Purpose: The Jerusalem study of resilience and environmental adversity in midlife health (STREAM) was established to examine the prevalence of common mental and physical health issues in mid-adulthood in the inner city of Jerusalem, and to examine their association with lifespan psychosocial factors of vulnerability and resilience. Method: Participants were 811 randomly selected individuals from 7000 individuals who were born and grew up in inner-Jerusalem. Participants were 34–44 years old during first wave of STREAM assessment. Initial telephone surveys took place in 2007–2008 and participants were followed-up for a second survey 1 year later. Upon funding, a new wave is planned for 2017–2018. Survey topics comprised common health problems (e.g., type 2 diabetes/migraine), health markers (e.g., BMI), and psychiatric vulnerabilities (e.g., anxiety, post-traumatic stress, depressive symptoms, psychosis). Other measures included socioeconomic status, creativity, life style behavior (e.g., smoking, exercise), social contact and adaptation to change. Survey data were retrospectively merged with data of national registry sources that included adverse psychosocial factors, psychiatric and social measures assessed across all developmental stages through midlife. This includes data available on birth factors, school achievement and adjustment, cognitive and behavioral functioning during young adulthood, psychiatric hospitalizations, immigration and socioeconomic status. Results: Results on health outcomes of the first STREAM wave indicate that prevalence rates of health problems are comparable to recent World Mental Health Surveys. Conclusions: Apart from measures on adverse psychosocial factors, STREAM provides a cohort to examine resilience to developing health problems and having a poor health and functional outcome.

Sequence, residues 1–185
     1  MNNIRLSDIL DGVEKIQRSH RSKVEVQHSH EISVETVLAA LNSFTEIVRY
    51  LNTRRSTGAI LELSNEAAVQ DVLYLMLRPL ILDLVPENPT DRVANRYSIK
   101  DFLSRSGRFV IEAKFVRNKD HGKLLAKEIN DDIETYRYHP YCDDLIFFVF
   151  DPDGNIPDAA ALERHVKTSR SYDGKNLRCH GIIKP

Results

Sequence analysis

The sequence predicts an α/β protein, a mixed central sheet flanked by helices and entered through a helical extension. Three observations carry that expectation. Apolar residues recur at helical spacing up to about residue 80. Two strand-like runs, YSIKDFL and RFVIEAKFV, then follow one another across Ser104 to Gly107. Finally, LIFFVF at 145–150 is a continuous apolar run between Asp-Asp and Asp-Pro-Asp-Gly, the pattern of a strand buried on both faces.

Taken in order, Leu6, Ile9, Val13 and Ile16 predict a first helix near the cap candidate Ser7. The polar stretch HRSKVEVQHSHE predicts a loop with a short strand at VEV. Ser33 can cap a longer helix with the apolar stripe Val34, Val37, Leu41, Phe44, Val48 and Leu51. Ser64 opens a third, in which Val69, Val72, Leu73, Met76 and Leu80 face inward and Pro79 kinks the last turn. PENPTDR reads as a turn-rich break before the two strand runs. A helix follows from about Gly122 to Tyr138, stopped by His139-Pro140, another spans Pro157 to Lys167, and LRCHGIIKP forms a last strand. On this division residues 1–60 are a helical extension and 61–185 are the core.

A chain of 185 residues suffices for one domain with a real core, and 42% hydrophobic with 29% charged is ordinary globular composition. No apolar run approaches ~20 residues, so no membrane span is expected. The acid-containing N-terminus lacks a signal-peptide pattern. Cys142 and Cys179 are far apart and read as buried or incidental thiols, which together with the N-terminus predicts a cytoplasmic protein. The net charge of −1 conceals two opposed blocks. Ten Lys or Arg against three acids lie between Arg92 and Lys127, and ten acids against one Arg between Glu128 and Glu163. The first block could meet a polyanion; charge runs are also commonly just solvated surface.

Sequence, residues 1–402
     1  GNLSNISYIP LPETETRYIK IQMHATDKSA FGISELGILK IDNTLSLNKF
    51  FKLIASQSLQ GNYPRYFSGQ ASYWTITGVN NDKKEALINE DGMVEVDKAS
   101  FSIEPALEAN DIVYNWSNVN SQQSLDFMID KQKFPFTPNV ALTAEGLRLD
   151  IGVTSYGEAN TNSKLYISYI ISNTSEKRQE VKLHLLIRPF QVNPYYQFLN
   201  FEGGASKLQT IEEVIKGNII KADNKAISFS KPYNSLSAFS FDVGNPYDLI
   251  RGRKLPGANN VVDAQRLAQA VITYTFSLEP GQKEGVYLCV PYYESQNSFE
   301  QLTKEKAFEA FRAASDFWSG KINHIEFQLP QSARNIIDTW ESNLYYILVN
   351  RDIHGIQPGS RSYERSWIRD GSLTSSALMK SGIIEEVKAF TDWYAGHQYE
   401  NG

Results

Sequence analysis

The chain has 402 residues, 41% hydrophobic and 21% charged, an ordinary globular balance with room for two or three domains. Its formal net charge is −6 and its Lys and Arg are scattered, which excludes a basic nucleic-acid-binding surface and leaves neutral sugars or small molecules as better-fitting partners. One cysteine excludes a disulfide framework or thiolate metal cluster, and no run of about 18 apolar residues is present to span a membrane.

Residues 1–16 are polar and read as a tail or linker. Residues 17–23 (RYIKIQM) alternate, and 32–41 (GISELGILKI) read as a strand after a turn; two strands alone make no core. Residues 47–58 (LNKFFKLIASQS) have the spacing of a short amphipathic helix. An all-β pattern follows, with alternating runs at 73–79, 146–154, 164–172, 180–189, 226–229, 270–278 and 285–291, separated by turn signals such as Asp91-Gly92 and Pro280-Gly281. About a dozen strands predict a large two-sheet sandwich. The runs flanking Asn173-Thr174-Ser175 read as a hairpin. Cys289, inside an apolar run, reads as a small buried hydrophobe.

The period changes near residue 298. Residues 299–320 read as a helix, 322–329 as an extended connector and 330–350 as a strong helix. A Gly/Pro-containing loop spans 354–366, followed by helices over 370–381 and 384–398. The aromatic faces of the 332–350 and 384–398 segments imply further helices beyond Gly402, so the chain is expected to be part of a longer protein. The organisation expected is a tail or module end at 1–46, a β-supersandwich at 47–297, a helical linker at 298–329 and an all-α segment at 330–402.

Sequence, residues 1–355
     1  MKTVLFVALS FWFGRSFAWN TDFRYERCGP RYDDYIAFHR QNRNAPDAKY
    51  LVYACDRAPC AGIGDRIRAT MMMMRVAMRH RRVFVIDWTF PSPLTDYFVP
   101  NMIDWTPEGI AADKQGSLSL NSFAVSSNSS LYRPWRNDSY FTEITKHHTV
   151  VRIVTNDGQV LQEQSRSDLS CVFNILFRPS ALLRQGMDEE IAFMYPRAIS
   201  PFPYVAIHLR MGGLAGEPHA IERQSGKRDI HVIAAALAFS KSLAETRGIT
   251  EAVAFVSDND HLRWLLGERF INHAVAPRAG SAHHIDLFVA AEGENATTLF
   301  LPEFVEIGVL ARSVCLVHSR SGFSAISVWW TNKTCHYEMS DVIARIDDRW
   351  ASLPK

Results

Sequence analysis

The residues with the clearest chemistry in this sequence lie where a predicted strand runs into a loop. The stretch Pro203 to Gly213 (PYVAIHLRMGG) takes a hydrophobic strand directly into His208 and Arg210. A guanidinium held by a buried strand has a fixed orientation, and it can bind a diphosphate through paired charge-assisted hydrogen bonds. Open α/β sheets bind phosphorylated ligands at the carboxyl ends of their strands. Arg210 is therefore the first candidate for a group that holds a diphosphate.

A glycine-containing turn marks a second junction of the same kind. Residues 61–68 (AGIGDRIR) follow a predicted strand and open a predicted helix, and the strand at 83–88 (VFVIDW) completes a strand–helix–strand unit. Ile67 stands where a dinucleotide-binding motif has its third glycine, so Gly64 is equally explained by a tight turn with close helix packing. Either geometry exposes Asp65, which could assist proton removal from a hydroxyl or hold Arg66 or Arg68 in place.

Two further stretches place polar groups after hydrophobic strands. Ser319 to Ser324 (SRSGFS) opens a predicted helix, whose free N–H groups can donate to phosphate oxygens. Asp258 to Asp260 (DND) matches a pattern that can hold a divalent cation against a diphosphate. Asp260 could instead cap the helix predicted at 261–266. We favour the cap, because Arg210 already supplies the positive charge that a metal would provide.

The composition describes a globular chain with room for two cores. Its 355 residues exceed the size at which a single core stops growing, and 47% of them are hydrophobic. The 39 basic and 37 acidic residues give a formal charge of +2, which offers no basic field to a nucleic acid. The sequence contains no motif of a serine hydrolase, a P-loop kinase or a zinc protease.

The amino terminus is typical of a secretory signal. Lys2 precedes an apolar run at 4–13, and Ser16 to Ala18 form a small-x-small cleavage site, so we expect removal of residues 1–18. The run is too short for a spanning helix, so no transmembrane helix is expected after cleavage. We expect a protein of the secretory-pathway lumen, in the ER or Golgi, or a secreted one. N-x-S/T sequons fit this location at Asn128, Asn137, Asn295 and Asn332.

Bibliographical noteFunding Information:
Internal funding from the University of Haifa, Israel, Bar-Ilan University and the Institute of Psychiatry, Kings College London, UK, supported survey data collection.
© 2015, The Author(s).
- Common (mental) health problems
ASJC Scopus subject areas
- Social Psychology
- Health(social science)
- Psychiatry and Mental health